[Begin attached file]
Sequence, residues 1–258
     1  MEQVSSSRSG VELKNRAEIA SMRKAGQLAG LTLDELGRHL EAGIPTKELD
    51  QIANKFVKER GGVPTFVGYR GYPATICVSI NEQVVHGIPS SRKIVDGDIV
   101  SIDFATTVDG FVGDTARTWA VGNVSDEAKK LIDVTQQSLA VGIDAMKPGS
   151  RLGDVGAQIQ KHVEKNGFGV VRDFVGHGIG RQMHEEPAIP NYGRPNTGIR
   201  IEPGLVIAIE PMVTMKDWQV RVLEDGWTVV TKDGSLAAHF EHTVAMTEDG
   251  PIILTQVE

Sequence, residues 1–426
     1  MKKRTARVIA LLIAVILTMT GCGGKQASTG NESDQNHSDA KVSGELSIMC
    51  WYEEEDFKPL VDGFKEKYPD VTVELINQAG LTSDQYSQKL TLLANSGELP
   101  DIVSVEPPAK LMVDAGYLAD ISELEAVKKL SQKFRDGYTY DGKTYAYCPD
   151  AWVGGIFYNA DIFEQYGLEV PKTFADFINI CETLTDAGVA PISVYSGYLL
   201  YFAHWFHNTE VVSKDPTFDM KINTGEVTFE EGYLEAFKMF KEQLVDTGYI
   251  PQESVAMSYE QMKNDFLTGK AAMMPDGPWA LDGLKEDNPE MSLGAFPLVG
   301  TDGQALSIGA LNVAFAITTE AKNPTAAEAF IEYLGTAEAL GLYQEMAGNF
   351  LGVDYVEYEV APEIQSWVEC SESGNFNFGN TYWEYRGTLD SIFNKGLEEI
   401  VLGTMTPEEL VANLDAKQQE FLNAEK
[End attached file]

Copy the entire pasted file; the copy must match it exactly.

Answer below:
Sequence, residues 1–258
     1  MEQVSSSRSG VELKNRAEIA SMRKAGQLAG LTLDELGRHL EAGIPTKELD
    51  QIANKFVKER GGVPTFVGYR GYPATICVSI NEQVVHGIPS SRKIVDGDIV
   101  SIDFATTVDG FVGDTARTWA VGNVSDEAKK LIDVTQQSLA VGIDAMKPGS
   151  RLGDVGAQIQ KHVEKNGFGV VRDFVGHGIG RQMHEEPAIP NYGRPNTGIR
   201  IEPGLVIAIE PMVTMKDWQV RVLEDGWTVV TKDGSLAAHF EHTVAMTEDG
   251  PIILTQVE

Sequence, residues 1–426
     1  MKKRTARVIA LLIAVILTMT GCGGKQASTG NESDQNHSDA KVSGELSIMC
    51  WYEEEDFKPL VDGFKEKYPD VTVELINQAG LTSDQYSQKL TLLANSGELP
   101  DIVSVEPPAK LMVDAGYLAD ISELEAVKKL SQKFRDGYTY DGKTYAYCPD
   151  AWVGGIFYNA DIFEQYGLEV PKTFADFINI CETLTDAGVA PISVYSGYLL
   201  YFAHWFHNTE VVSKDPTFDM KINTGEVTFE EGYLEAFKMF KEQLVDTGYI
   251  PQESVAMSYE QMKNDFLTGK AAMMPDGPWA LDGLKEDNPE MSLGAFPLVG
   301  TDGQALSIGA LNVAFAITTE AKNPTAAEAF IEYLGTAEAL GLYQEMAGNF
   351  LGVDYVEYEV APEIQSWVEC SESGNFNFGN TYWEYRGTLD SIFNKGLEEI
   401  VLGTMTPEEL VANLDAKQQE FLNAEK